treats of coins and medals in their relation to history; numismatics. Numismatologist (nū-mis'ma-tol"o-jist), n. One versed in n tology. Numismatol (nū-mis'ma-tol"o-ji), n. Same as Numismatography. Nummary (num'a-ri), a. [L. nummus, a coin...] Relating to money. Arbuthnot. Nummular (num'u-lér),a. [L. nummularius, from nummus, a coin.) 1. Pertaining to coin or money.—2. Having the character or form of a coin. Sir T. Watson. Numm (num'il-la-ri), a. [See above.] Pertaining to coin or ". resembling a coin. In med, a term applied to the sputa or expectorations in phthisis, when they flatten at the bottom of the vessel like a No. of money. ummuline (num'ti-lin), a. Resembling a nummulite in structural features. H. A. Nicho Nummulite (o). n. [L. nummus, money, and Gr. lithos, a stone..] A name common to the members of an extensive class of fossil polythalamous foraminifera, having externally somewhat the appearance of a piece of money (hence their name) without any apparent opening, and internally a spiral cavity, divided by partitions into numerous chambers, communicating with each other by means of small openings. They vary in size from less than oth inch to 14 inch in diameter. Nummulites occupy an important place in the history of fossil shells, on account of theo: extent to which they are accumulated in the later members of the secondary, and in many of the tertiary strata. They are often piled on each other nearly in as close contact as the grains in a heap of corn. They occur so abundantly in some parts of the miocene formation that the name of nummulitic limestone is given to the strata so characterized. The pyramids of t are eonstructed of stone composed of nummulites. Nummulitic (num-ii-lit'ik), a. Pertaining to nummulites; containing nummulites; composed of nummulites. Numpst ...}} n. [Contr. from num for nu ..] A dolt; a blockhea Take heart, numps there is not a word of the stocks, Bp. Parker. Numskull (num'skul), n. [Num or Numb and skull. See NUMB.] A dunce; a dolt; a stupid fellow. “They have talked like mum." Arbuthnot. Numskulled (num'skuld), a. Dull in intellect; stupid; doltish. Swift. Nun (nun), n. [A. Sax. nunne, a nun; like Dan. nunne, Sw. nunna, G. nonne, Fr. nonne, from Eccles. L. (fifth century) nonna, a nun, nonnus, a monk, L. Gr. nonna, nonmos, supposed to be from Coptic or Egypt, name nanu, good, beautifu Monasteries an convents first arose in Egypt. 1 1. A woman devoted to a religious life, and who lives in a cloister or nunnery, secluded from the world, under a vow of perpetual chastity.— 2. A name sometimes given to the bird otherwise called the smew.—3. The blue titmouse.—4. A kind of pigeon of a white colour having its head almost covered with a veil of feathers. Nun-buoy (nun'boi or nun'bwoi), n. A buoy large in the middle and tapering toward each end. See BUOY. Nunc dimittis (nungk di-mitotis), n., [L.] The name given to the canticle of Simeon (Luke ii. *... from the first two words in the Latin version. Nuncheon (nun'shun), n. [Perhaps a form of luncheon (which see), but it has been plausibly derived from noon and shun. “Richardson notes that it is spelled noon-shun in Browne's Pastorals, which must suggest as plausible, if nothing more, that the “nuntion' was originally the labourer's slight meal, to which he withdrew for the shunning of the heat of noon: above all when in Lancashire we find noon-scape, and in Norfolk moon-miss, for the time when labourers rest after dinner." Trench.) 1. A meal eaten about noon, or a portion of food taken between meals. Laying by their swords and truncheons, They took their breakfasts or their nuncheons. udibrar. 2. A supply or piece of food such as might serve for a luncheon. Halliwell. Nunciate # (nun'shi-āt), n. [See NUNCI0.] One who announces: a messenger; a nuncio. Nunciature (nun'shi-āt-ūr), n. The office of a nuncio. Clarendon. Nuncio (nun'shi-Ö), n. [Sp. nuncio, It. nun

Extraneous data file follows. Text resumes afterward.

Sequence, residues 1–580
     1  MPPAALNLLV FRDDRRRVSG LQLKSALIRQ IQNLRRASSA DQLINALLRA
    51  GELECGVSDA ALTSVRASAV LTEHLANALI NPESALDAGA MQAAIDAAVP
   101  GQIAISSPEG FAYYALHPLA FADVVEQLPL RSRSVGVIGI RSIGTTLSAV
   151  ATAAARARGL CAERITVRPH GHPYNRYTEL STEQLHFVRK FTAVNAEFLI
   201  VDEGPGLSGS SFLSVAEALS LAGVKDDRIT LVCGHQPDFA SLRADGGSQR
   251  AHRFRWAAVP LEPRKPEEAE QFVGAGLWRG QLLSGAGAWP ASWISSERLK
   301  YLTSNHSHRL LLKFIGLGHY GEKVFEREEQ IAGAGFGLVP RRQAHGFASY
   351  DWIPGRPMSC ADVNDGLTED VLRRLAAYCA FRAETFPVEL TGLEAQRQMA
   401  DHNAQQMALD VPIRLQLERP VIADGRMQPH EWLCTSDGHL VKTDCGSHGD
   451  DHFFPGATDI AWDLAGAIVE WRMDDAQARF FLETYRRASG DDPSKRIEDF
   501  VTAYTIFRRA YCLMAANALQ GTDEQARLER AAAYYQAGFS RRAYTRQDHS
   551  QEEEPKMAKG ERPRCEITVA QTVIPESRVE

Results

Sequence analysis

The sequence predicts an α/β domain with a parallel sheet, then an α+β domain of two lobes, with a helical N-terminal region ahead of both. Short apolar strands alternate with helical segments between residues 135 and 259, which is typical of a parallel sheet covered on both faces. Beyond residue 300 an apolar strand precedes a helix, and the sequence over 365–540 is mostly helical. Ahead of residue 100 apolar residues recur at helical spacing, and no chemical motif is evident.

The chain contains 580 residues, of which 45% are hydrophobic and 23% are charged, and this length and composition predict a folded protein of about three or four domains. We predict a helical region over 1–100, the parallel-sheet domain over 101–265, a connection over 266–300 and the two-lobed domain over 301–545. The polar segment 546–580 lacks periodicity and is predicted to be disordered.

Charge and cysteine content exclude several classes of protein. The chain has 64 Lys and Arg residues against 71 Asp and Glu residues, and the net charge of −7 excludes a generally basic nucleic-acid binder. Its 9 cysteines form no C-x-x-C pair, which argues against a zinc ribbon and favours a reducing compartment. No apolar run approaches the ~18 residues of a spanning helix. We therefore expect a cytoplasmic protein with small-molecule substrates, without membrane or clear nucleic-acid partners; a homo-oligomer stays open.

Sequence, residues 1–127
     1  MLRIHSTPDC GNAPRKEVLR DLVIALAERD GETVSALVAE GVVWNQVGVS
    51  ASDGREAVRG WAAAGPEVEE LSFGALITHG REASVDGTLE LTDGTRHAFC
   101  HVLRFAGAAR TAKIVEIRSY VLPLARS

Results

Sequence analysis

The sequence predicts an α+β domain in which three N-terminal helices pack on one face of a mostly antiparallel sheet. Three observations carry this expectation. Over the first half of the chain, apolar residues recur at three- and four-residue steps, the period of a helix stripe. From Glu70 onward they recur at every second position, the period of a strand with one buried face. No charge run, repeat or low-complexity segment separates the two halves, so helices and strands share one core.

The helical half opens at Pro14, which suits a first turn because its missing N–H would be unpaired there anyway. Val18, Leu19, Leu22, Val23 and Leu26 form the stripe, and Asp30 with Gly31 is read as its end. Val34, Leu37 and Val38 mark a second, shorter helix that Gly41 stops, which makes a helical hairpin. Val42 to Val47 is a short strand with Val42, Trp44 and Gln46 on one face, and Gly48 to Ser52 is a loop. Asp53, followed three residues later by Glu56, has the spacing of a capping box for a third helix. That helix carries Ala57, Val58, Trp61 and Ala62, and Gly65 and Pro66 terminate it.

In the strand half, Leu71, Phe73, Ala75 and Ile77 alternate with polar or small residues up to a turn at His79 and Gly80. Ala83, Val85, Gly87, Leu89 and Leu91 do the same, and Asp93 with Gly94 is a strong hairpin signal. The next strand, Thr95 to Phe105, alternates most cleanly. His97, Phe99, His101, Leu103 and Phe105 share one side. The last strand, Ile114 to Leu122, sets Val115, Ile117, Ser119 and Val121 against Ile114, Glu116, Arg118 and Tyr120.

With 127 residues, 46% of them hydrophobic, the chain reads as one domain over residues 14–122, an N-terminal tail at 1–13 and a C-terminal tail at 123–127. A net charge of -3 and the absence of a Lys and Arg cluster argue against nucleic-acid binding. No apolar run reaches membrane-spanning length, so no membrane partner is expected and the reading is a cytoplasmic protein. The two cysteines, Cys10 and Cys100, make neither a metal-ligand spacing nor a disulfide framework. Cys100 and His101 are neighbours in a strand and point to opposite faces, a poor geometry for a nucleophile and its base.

zio, from L. nuncius, a messenger, O.L. mountius, contr. for movemtius, from novus, new, lit. one who brings news.] 1. An ambassador of the first rank (not a cardinal) representing the pope at the court of a sovereign entitled to that distinction. A papal ambassador of the first rank, who is at the same time a cardinal, is styled a legate. (See LEGATE.). Since the time of the Council of Trent the nuncios have acted as judges of appeal from the decisions of the respective o: in those countries which are subject to the decretals and discipline of the Council of Trent. In other Catholic kingdoms and states holding themselves independent of the court of Rome in matters of discipline, the nuncio has merely a diplomatic character like the minister of any other foreign power.—2. A messenger; one who brings intelligence. Shak. Nunclet (nung'kl), n. A contraction for Mine Uncle. This was the licensed appellation given by a fool to his master or superior. “How now, nuncle?” Shak. Note: (nunskü-pât), v. t. [L. nuncupo, to call by name, to nominate, to vow in public—momen, name, and capio, to take.] 1. To vow publicly and solemnly. The Gentiles nuncupated vows to them (idols).